MP calls for better support for early diagnosis of autism
Berwick MP Anne-Marie Trevelyan has spoken about her own family's battles with autism in a House of Commons debate.
Mrs Trevelyan highlighted the importance of helping families, schools and local authorities to recognise children on the spectrum and to find innovative solutions to improve their lives and learning. She also called for better support for early diagnosis and praised Northumberland SEN co-ordinator, Alan Carrick.
Mrs Trevelyan called upon her own experience battling the system for her son, in her Commons speech which touched on some of the difficulties facing children with autism and their families.
She said: “Without good friends, good luck and financial support, I know that our son would have fallen out of school by the time he was six or seven.
“The pressures that normal life put on our autistic children should not be underestimated. No right-thinking person would ask a child with a broken leg to run up the stairs, but the invisibility of autism means that these children are asked to do things that, given their hypersensitivities or gaps in neurological connectivity, simply ask too much of them.”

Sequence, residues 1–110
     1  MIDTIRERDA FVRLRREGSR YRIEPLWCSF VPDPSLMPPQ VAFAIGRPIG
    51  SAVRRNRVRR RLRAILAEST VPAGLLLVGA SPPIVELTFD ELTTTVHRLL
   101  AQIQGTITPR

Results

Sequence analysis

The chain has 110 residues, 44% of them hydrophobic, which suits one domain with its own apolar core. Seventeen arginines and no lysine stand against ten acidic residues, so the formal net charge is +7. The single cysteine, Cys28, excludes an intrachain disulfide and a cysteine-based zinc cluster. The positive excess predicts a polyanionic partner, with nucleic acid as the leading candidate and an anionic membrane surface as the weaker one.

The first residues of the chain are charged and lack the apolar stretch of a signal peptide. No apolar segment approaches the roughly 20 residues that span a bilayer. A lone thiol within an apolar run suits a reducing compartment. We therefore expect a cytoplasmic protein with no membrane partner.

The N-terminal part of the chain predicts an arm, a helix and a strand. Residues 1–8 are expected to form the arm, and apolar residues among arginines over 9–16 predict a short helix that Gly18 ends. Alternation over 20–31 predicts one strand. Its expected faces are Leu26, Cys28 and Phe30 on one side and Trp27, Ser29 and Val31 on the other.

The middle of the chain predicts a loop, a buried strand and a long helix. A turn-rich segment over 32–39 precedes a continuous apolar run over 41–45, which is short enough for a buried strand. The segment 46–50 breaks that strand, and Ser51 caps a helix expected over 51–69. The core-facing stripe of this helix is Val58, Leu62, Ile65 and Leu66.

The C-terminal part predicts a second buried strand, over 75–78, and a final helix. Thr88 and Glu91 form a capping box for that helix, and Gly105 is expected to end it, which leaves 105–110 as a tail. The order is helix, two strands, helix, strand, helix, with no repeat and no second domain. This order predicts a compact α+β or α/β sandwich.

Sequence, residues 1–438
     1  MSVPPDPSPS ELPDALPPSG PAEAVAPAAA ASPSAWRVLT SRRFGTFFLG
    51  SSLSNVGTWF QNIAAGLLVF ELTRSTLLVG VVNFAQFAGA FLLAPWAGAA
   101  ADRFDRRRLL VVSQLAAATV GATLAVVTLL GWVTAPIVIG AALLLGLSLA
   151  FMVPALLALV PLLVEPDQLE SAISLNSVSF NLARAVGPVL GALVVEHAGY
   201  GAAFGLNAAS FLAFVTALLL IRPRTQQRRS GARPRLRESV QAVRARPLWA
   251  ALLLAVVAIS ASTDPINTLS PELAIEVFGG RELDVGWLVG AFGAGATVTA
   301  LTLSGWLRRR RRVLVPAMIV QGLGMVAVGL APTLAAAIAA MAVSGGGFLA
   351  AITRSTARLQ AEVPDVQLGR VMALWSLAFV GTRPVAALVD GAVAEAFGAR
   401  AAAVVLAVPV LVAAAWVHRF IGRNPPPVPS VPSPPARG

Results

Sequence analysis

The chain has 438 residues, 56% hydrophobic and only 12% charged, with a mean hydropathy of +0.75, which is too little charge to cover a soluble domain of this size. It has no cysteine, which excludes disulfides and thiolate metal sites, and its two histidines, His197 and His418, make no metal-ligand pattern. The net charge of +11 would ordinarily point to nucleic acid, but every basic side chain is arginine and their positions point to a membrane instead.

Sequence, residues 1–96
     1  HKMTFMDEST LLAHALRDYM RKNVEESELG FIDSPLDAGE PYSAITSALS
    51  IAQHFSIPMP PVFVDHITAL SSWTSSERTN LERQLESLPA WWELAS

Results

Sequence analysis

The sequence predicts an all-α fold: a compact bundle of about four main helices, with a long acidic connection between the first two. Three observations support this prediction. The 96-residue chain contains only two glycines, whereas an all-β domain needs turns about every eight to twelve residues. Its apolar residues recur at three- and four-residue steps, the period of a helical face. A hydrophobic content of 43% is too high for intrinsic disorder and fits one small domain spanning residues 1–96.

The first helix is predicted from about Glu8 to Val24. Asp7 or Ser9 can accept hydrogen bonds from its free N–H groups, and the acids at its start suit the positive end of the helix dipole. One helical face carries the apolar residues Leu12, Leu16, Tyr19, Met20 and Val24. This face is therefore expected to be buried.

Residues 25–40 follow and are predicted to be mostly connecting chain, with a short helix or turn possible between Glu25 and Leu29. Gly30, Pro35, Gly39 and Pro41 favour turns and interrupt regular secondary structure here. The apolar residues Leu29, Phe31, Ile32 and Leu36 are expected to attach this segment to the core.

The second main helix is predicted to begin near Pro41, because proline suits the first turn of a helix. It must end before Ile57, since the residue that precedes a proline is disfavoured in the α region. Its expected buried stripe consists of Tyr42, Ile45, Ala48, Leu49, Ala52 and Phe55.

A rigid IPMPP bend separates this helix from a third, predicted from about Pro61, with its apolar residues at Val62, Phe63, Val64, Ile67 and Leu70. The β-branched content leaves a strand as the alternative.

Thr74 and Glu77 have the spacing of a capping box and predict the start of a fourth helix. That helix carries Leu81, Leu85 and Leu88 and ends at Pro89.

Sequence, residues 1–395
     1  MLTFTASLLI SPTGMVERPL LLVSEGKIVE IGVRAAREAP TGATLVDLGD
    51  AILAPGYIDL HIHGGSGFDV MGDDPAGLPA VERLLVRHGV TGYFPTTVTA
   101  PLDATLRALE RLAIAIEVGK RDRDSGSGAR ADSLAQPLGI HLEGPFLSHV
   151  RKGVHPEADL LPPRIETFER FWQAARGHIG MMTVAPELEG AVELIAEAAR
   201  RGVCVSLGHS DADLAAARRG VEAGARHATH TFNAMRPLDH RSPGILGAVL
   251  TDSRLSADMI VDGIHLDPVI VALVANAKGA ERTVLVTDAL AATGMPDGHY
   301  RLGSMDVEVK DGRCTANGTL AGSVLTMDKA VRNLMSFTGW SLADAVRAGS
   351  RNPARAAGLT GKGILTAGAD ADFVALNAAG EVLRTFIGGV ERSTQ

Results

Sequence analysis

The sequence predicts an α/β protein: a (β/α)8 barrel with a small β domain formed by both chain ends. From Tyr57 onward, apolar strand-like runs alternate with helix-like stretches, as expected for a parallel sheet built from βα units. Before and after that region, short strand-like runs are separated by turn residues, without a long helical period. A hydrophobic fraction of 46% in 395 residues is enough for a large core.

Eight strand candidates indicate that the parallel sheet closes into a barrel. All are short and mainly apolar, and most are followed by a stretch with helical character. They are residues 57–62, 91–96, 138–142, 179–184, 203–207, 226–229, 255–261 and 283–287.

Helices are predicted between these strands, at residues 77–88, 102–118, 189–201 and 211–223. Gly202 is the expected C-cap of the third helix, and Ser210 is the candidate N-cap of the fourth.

Mrs Trevelyan went on to credit her family’s battles as part of the reason she sought to become an MP as it caused her to want to help others avoid similar problems.
“This is part of the reason I am here,” she said. “I decided that advocacy was needed for those who are unable to access the system, who do not know how to fight back or who are too honest and quiet folk trying to get on with their day, muddling through it with difficult jobs and complex family environments. For such people it is too hard to fight what still today seems to be an implacable system in so many parts of our country.”
The Commons debate comes on the back off World Autism Awareness Week – led in the UK by the National Autistic Society, who have led a huge fundraising effort to support families touched by autism.
The topic for debate was proposed by Cheryl Gillan MP, and other members of the All-Party Parliamentary Group for Autism, of which Anne-Marie Trevelyan is a member.